United States National Statement on The Report of the Working Group on the Issue of Discrimination against Women in Law and in Practice on its Country Visit to the United States June 16, 2016

United States National Statement on

The Report of the Working Group on the Issue of Discrimination against Women in Law and in Practice on its Country Visit to the United States

June 16, 2016

Geneva, Switzerland

The United States has long been a strong supporter of the special procedures mandate holders’ country visits, and we were pleased to welcome the Working Group on the issue of discrimination against women in law and practice last December.  We also recently supported a visit by the Working Group of Experts on People of African Descent and have committed to hosting visits by the Special Rapporteur on the freedoms of peaceful assembly and of association, the Working Group on Arbitrary Detention, and the Special Rapporteur on trafficking in persons before the end of 2016.  We strongly believe that all states should be willing to listen with respect to well-intended and constructive criticism.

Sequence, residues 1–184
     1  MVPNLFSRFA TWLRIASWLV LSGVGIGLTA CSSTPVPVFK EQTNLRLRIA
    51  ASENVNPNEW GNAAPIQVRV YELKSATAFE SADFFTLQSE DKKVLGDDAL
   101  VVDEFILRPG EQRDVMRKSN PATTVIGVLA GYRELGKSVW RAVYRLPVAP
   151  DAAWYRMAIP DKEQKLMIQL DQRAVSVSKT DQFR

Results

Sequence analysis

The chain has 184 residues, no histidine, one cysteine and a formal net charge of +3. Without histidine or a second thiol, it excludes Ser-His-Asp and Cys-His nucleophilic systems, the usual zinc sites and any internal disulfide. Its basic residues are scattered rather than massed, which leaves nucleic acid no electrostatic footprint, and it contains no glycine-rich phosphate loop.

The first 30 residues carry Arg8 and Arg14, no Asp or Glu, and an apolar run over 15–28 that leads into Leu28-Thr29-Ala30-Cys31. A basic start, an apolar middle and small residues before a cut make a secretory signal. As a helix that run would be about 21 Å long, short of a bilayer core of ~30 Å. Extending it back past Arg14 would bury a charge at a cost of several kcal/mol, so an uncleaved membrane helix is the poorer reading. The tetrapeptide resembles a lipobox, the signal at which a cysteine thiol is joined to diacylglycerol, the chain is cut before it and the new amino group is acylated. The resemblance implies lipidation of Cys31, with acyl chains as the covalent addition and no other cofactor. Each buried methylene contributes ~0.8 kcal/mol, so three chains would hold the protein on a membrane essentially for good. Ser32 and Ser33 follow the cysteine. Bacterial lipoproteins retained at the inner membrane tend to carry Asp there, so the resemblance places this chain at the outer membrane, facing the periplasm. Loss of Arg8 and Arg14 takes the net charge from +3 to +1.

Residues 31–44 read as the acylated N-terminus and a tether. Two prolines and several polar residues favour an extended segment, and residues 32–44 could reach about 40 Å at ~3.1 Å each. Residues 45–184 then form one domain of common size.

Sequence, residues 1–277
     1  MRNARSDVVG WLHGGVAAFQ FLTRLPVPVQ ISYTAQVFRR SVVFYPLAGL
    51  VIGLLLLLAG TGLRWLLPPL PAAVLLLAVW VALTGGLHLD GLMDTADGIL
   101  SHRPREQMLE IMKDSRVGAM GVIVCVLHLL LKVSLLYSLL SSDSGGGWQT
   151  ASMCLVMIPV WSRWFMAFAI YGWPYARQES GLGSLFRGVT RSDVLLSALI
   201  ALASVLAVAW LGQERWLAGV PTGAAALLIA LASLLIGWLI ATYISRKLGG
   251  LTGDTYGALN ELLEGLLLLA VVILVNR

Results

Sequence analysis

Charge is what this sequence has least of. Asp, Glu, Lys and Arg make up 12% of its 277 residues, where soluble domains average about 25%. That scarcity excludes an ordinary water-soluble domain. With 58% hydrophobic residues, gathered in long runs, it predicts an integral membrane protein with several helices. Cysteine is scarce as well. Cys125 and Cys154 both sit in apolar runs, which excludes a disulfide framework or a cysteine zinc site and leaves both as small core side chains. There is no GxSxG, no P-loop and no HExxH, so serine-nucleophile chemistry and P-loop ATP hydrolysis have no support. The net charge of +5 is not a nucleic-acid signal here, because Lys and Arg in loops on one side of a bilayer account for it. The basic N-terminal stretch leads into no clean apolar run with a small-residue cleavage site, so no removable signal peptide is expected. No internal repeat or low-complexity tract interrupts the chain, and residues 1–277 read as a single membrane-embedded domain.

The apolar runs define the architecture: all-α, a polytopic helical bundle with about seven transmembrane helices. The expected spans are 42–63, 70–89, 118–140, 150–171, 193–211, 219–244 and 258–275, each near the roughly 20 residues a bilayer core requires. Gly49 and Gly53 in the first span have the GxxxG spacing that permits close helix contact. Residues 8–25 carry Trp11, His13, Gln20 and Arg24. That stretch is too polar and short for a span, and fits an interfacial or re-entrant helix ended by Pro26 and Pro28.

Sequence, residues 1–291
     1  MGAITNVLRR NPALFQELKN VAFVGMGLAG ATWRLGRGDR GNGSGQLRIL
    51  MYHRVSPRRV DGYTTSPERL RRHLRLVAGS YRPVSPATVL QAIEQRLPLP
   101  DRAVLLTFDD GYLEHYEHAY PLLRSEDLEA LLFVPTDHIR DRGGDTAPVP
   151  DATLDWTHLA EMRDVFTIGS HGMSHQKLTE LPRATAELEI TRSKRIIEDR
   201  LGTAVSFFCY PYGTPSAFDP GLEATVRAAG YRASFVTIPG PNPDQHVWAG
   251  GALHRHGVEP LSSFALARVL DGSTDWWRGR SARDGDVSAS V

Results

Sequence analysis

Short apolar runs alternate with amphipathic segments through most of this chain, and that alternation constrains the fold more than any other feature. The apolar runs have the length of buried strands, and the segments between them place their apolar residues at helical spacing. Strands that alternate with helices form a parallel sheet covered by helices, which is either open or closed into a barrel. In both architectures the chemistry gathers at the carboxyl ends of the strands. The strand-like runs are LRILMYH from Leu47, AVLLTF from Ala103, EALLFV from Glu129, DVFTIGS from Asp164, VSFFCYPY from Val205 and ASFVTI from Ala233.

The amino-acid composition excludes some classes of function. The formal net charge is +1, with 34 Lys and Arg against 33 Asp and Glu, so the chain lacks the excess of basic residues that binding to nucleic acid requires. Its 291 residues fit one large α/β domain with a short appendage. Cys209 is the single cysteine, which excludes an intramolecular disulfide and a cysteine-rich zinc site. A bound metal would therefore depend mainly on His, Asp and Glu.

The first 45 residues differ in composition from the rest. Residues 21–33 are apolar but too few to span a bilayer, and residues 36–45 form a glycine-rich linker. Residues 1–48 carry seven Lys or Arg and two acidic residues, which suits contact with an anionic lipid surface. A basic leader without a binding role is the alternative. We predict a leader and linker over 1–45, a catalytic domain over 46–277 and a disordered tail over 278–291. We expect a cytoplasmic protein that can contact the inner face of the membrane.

While we are justifiably proud of the progress our country has achieved to advance gender equality over the past century and more, we know that there is much ground left to cover.  We are committed to keeping efforts to achieve gender equality and the empowerment of women and girls at the top of our policy agenda.  The Working Group’s report on its visit to the United States raises many issues that the United States has been examining for years.  Still, we intend to give this final version of its report all due consideration.  We will take the Working Group’s recommendations seriously as a complement to the viewpoints of American women and our committed and outspoken civil society.

The United States is a large and diverse country with a complex and multilayered federal system of government.  We appreciate that the Working Group on discrimination against women may have encountered some difficulty comprehending the nuances of our “melting-pot” culture and the complexities of our federal system, but we acknowledge that the Working Group’s experts made a sincere effort to recognize our diversity and understand our points of view.  In addition, while we appreciate the Working Group’s effort to present a comprehensive analysis of the issues before it, we note that some of the report’s conclusions, in particular those regarding international human rights law, do not accurately reflect the relevant legal framework or Member States’ obligations.  We thank the Working Group’s experts and staff for their efforts and for their report and look forward to collaborating with them and to supporting their mandate in the future.

 

Related Information

Publication

UNWGDAW Final Report on 2015 US Visit

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